The Service is typically slow in adapting to changes in technology. It is also slow in identifying those who might use technology to avoid obligations to pay their fair share of taxes. However, once the Service identifies an issue posing a large enough tax drain, it will put its significant resources to use. Not only was this seen recently with offshore tax enforcement efforts (e.g., the Offshore Voluntary Disclosure Program and a significant number of criminal tax prosecutions), but also in the Service’s litigation of tax shelter cases, tax preparer fraud, Stolen Identity Refund Fraud, and similar schemes. The United Kingdom has already announced similar plans to regulate transfers of virtual currencies in an effort to mitigate tax evasion and money laundering.
Given that virtual currency has worked its way into the mainstream as a multi-billion dollar industry and can be used as a tool in tax evasion and money laundering, a largescale crackdown can be expected in the near future. Though the Service does not have the resources to catch all non-compliance, it will undoubtedly make a public example out of a number of violators as a general deterrence measure. For at least a few with numerous and/or substantial unreported gains from virtual currency, there are likely to be criminal prosecutions. For those who are audited, the Service is likely to fully apply available civil penalties. And it is likely that the Service will attempt to engage in more information-gathering – through more “John Doe” summonses and use of sophisticated information technology – to identify additional targets for civil and criminal investigation. The Service has proven time and again that its revenue agents are capable in forensic accounting and can track down unreported income through third-party tips, bank deposit analyses, and other indirect methods. Depending upon the expected scope of non-compliance in this area, the Service may seek support to pass additional rules and regulations requiring virtual currency exchanges and brokers to report information on supported transactions. The secretive nature of virtual currency can only hide those seeking to avoid taxes for so long.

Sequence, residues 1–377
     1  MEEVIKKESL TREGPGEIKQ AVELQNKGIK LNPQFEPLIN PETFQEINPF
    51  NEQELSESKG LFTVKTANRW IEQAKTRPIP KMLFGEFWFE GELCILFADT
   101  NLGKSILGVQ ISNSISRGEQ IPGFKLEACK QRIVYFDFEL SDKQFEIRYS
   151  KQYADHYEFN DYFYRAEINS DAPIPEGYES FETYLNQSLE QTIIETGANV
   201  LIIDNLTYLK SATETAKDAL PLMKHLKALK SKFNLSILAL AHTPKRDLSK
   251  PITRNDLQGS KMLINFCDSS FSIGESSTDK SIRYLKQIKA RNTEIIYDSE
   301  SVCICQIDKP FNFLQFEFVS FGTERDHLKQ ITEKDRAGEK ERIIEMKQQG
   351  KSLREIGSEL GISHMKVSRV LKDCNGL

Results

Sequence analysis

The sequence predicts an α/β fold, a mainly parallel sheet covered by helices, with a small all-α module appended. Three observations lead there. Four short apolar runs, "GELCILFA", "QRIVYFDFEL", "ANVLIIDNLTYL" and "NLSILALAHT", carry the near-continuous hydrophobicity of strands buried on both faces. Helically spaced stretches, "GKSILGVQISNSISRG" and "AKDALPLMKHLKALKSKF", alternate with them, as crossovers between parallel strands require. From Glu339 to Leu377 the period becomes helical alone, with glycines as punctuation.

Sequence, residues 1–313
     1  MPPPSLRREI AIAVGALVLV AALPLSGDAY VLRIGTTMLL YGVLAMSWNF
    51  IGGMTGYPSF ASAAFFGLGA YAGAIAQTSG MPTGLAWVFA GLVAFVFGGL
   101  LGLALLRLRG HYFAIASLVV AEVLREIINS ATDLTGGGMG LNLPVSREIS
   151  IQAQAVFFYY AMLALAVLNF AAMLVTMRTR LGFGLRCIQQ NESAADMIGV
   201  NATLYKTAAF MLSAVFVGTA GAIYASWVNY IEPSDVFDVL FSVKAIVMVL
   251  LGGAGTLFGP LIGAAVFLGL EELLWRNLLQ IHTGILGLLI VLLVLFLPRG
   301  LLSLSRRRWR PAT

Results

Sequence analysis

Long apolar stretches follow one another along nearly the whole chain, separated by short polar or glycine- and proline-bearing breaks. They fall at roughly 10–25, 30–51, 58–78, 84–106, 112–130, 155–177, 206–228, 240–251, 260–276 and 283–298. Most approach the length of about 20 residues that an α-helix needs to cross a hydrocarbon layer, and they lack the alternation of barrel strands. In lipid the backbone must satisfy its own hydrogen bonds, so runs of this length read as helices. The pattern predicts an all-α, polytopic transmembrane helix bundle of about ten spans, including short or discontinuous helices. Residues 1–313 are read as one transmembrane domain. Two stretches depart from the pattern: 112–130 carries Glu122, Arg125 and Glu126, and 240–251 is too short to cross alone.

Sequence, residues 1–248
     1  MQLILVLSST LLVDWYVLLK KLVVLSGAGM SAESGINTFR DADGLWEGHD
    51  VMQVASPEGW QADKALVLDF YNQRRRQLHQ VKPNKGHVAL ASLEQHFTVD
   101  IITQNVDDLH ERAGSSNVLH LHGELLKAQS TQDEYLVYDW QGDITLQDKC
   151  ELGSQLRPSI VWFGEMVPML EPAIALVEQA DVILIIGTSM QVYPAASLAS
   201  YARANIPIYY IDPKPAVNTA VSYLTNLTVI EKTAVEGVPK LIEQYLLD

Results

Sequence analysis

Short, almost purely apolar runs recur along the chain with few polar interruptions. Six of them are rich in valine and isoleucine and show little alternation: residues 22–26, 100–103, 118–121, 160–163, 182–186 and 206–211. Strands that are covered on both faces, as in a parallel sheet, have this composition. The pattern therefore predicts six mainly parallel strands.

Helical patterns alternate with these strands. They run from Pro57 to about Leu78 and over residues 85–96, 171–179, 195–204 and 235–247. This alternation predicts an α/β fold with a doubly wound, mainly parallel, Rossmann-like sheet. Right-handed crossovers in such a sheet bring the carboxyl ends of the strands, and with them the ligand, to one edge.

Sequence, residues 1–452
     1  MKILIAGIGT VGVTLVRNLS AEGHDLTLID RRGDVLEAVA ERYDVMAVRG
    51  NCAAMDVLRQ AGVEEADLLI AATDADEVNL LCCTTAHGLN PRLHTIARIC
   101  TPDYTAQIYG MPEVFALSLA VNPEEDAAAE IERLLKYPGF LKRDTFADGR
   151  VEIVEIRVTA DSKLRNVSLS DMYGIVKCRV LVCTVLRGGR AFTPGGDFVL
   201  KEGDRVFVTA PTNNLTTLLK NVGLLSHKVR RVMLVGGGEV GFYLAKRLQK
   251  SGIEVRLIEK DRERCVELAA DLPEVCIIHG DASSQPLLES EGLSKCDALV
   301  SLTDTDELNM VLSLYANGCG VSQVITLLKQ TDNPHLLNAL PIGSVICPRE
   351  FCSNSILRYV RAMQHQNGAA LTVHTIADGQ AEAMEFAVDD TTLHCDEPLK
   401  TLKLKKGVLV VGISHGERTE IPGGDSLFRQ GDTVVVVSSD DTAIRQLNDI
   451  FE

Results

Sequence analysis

All told, for those who entered the virtual currency market in 2017 (or who have not yet sold virtual currency), these recent developments should serve as a reminder that income taxes must be paid on any gains, as dictated in IRS Notice 2014-21. And for those with prior dealings (and gains), the various alternatives for addressing prior non-compliance should strongly be considered; otherwise, they may find themselves facing very real consequences as a result of their dealings in virtual currency.
For more information on virtual currency, please read other articles previously published by Rosenberg Martin Greenberg, LLP’s tax controversy group:
- Bitcoin Buffs Beware! IRS Ramps Up Efforts to Monitor Potential Criminal Activities Involving Virtual Currency
- Are there federal tax consequences associated with using Bitcoins in my business?
These descriptions are intended for informational purposes only and should not be taken as legal advice on any particular set of facts or circumstances. Rosenberg Martin Greenberg, LLP is experienced in all aspects of federal and state tax laws, including criminal tax matters, addressing prior compliance issues, white collar criminal litigation, and more. Please contact Brandon Mourges at 410.951.1149 or firstname.lastname@example.org for a free consultation.